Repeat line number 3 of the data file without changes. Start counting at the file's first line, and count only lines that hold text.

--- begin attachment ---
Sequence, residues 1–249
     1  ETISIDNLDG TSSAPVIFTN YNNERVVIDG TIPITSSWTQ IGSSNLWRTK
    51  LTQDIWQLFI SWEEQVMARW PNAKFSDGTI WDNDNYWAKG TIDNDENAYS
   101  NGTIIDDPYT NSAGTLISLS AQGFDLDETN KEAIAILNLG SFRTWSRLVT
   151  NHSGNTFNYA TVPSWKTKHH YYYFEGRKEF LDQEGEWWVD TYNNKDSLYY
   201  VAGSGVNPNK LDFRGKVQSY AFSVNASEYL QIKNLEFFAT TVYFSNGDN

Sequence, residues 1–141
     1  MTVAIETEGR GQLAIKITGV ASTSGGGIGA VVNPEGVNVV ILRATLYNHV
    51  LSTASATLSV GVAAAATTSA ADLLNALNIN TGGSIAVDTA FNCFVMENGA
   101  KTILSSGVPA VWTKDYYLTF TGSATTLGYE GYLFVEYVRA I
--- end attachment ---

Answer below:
    51  LTQDIWQLFI SWEEQVMARW PNAKFSDGTI WDNDNYWAKG TIDNDENAYS